I Always Played The Game

I am delighted to have joined the staff of Celtics Life and look forward to sharing our common passion for the Boston Green Team. I wrote for several years for Celtics Nation, a fine site that has fallen into disrepair. Frustrated at the lagging support, I asked to join FLCeltsFan on her Celtics Green Blogspot and greatly appreciate her welcoming me with open arms. Six months later she approached me with concerns about dwindling support there and we discussed our next move. We chose Celtics Life only after looking over the possibilities and felt this site brought the best combination of support, activity, and promise. Hope you enjoy having us as much as we enjoy being here.

When I joined FLCeltsFan she asked to write an introduction of myself as a basketball blog writer and what follows is an edited version.

While I was loathe to discuss such a mundane subject, it did seem reasonable to explain why anyone would/should give my insights any consideration. If the title seems familiar, but skewed, it parodies the title of the semi-autobiographical book by Howard Cosell. Somewhat knowledgeable about boxing upon which his journalistic career rode the coattails of Ali, Howard knew almost nothing about football and yet served as an interesting foil for the ex-jocks Dandy Don Meredith and Frank Gifford in the sports-gone-entertainment of Monday Night Football. My credentials similarly lack typical school participation as I was cut from my only school basketball team in the 7th grade for "Mike" who was an inch taller and whose most athletic activity after that year was pulling shoe boxes off the shelves at the local department store for several decades.

Yet I played the game for nearly five decades, passionately and with determination, undaunted by such hindrances as a career, marriage, and fatherhood. I coached intramurals, city leagues, rec leagues, youth leagues, even a few fortunately-tolerated comments in pickup games.
I got to know my step child by coaching her youth teams and later basked in the warm glow of the local girls teams' regular appearances in the state playoffs while stocked with my former players. I still feel a guilty pleasure at the school’s fall back into mediocrity after those six years passed and my players graduated. I played in parks, gyms, backyards, city streets, and in the z√≥calo of several pueblos in Mexico where I was indeed a big man. I played in the rain, sleet, and snow (rare in Texas); on dirt, concrete, mud, and grass, as well as hardwood; in the daylight, twilight, and moonlight; and on every day of the year including leap day (pun intended). I've played every position including center (at 5'11") when we had only five players and I finished the game after pulling a dislocated finger back into its socket. I've led bad teams where my point guard passes tended to bounce off the faces of my grad-school teammates for whom running was a task requiring most of their concentration. I've been the grease on good teams where I averaged five shots, but was proud of 75% shooting. I've led the team in rebounding (employing my Lee's rule of rebounding: We both jump, I lose--so you don't get to jump, now that's boxing out!) I've received the ultimate "Perkins" compliment--a fellow faculty member cursed out his teammate for not warning him of my pick. I've scored 36 points which only required such phenomena as the ball bouncing off someone’s foot at one free-throw line and madly rolling to the other end (through one players feet as he was alerted to its approach but couldn't bend over in time to pick it up) where I arrived just in time to pick it up for a bunny. I've demanded to cover the other team's star, which I reconsidered after my third foul in five minutes. But of all my experiences none has given me more enjoyment than teaching this game that has been such a huge part of my life.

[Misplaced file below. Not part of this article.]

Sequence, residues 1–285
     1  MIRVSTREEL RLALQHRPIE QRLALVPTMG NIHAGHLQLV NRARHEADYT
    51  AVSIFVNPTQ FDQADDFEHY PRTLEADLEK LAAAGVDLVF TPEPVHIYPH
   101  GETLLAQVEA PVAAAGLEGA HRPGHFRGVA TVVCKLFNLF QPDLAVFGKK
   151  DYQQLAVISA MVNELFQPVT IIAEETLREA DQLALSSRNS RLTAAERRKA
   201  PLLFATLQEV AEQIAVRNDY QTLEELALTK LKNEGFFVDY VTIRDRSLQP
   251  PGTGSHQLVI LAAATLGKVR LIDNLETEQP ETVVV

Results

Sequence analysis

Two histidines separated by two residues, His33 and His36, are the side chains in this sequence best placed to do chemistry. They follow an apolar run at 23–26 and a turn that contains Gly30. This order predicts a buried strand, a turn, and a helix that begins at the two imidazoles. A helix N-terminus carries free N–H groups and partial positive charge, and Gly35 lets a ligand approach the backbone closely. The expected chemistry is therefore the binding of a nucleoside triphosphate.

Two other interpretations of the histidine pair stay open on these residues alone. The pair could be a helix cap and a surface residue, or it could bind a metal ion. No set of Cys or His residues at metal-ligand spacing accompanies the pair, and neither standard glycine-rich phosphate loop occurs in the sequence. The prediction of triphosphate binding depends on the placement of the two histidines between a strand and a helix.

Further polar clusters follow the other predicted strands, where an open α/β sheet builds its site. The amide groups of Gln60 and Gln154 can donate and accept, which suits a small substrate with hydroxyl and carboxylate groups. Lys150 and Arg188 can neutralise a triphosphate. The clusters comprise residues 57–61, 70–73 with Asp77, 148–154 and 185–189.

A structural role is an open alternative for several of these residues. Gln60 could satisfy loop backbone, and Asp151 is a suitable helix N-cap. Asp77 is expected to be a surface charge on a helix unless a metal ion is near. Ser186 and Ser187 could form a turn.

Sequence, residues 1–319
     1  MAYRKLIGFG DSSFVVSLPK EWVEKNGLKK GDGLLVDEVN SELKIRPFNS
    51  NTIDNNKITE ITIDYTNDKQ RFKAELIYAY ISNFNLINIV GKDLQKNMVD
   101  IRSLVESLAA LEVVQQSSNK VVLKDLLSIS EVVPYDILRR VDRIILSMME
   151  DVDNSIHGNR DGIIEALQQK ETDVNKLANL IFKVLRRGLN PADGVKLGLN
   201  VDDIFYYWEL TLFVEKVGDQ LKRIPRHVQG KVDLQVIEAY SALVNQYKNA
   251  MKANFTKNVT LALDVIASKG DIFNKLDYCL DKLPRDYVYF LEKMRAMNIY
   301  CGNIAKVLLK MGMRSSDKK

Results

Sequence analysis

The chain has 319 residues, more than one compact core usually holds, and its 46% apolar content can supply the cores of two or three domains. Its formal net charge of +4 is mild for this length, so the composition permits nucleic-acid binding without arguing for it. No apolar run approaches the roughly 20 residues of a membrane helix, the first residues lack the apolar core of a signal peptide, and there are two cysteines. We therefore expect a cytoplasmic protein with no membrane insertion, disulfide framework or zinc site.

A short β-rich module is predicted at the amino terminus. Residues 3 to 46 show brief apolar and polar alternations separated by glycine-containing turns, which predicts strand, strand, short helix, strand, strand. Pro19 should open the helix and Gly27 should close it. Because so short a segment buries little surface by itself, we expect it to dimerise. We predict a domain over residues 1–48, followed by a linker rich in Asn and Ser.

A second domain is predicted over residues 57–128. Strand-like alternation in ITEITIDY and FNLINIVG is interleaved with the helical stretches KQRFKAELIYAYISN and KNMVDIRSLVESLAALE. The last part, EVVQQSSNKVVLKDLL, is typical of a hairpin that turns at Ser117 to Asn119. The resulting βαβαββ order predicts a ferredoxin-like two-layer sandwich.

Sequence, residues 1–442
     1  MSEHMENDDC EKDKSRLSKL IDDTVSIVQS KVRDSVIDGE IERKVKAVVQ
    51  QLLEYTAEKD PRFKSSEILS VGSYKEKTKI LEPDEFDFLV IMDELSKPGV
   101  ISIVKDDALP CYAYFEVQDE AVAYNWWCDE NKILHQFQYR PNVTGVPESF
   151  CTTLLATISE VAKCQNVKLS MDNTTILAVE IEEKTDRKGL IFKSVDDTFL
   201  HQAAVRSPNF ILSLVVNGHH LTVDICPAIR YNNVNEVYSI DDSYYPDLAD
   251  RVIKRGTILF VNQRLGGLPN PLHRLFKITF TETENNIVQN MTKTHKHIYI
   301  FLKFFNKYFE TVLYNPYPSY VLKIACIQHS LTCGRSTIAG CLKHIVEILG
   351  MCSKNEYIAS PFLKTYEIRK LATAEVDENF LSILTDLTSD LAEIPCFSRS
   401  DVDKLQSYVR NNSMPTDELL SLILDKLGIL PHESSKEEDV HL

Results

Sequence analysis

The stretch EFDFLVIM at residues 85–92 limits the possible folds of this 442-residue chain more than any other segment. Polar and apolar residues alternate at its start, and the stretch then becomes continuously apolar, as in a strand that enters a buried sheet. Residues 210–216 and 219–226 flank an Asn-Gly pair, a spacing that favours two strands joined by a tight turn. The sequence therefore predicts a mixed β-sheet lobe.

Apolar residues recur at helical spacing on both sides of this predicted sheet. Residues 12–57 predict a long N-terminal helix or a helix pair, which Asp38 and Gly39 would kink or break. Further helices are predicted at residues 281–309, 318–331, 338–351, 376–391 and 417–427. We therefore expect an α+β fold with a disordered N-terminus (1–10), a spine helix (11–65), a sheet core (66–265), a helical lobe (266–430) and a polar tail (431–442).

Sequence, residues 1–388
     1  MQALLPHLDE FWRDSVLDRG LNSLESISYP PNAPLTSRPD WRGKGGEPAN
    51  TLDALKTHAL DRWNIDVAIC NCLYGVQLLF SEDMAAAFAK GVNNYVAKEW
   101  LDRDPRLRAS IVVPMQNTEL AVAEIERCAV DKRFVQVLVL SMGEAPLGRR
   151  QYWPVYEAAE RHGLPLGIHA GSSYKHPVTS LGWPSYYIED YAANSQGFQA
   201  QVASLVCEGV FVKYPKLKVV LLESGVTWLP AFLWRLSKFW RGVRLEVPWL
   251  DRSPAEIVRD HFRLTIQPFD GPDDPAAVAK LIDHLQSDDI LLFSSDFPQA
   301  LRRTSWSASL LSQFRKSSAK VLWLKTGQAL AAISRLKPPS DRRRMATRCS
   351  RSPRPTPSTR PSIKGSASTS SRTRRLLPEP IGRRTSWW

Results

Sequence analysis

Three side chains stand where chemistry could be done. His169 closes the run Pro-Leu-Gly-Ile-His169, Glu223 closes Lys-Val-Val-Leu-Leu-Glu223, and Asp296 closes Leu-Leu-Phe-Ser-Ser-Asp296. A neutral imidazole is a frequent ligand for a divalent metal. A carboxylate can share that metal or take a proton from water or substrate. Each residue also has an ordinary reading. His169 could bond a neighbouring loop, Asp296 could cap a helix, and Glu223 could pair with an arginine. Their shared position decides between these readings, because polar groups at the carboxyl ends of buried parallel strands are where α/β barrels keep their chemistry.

As for the Celtics, I have followed them since it meant watching a grainy image in black and white on a 12-inch screen a half a dozen times a year, buying the more expensive newspaper because they actually had box scores, and treasuring the sports magazines because they were the only source of detailed information. I grew up with the incredible run of the Russell-Celtics, soared and anguished with the up and down 70's, gloried in the rebirth with the original Big Three, railed at the inept 90's, loathed Pitino and almost cried at missing the Big Fundamental. I learned early about playing ball the "Celtics' way" where open shots outweighed degree of difficulty, a timely pass more valued than tickling the twine, and most of rebounding took place before the ball ever came down.

Oddly my sports writing began with the arrival of Ainge as GM and my retirement from lecturing on databases at the University of Texas. With the availability of time and new inspiration I delighted in mulling over the rebuilding, even with its many sidetracks. Still the bottom line is essentially the question "Why Basketball?" The answer is not a simple one because basketball is not a simple game. Of all the diversions I explored only three were never outgrown. With experience and understanding these grew with me, revealing layer after layer of complexity as I invested more time, effort, and study. Basketball, unlike the other two--duplicate bridge and chess, was also a physical release (every bit as effective as the occasional "mental health" [sick] day I took off during my working career). I attribute much of my even temper and tolerance to the bliss of exhaustion and I'm sure my wife, child, and coworkers benefited whether they knew it or not. So rather than yelling at the TV or kicking the cat, here I find myself working on analyses of Celtics' victory and defeat, plotting about acquisitions and stockpiling picks, and drawing comparisons between basketball and eternal truths--thanks for listening.